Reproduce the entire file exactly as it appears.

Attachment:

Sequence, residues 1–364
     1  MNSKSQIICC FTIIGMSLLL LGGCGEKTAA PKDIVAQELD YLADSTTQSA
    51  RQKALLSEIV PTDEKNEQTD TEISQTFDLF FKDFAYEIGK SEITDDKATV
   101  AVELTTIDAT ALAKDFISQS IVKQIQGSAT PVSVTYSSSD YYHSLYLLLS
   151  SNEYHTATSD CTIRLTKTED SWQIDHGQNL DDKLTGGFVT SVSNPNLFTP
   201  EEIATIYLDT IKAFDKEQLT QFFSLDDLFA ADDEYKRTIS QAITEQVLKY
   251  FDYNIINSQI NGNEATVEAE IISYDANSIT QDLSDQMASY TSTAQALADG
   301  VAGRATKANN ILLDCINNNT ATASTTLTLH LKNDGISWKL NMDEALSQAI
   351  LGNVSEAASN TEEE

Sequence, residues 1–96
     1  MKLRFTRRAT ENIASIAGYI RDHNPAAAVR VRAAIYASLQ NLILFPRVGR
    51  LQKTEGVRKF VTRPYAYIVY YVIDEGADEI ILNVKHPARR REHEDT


Sequence, residues 1–364
     1  MNSKSQIICC FTIIGMSLLL LGGCGEKTAA PKDIVAQELD YLADSTTQSA
    51  RQKALLSEIV PTDEKNEQTD TEISQTFDLF FKDFAYEIGK SEITDDKATV
   101  AVELTTIDAT ALAKDFISQS IVKQIQGSAT PVSVTYSSSD YYHSLYLLLS
   151  SNEYHTATSD CTIRLTKTED SWQIDHGQNL DDKLTGGFVT SVSNPNLFTP
   201  EEIATIYLDT IKAFDKEQLT QFFSLDDLFA ADDEYKRTIS QAITEQVLKY
   251  FDYNIINSQI NGNEATVEAE IISYDANSIT QDLSDQMASY TSTAQALADG
   301  VAGRATKANN ILLDCINNNT ATASTTLTLH LKNDGISWKL NMDEALSQAI
   351  LGNVSEAASN TEEE

Sequence, residues 1–96
     1  MKLRFTRRAT ENIASIAGYI RDHNPAAAVR VRAAIYASLQ NLILFPRVGR
    51  LQKTEGVRKF VTRPYAYIVY YVIDEGADEI ILNVKHPARR REHEDT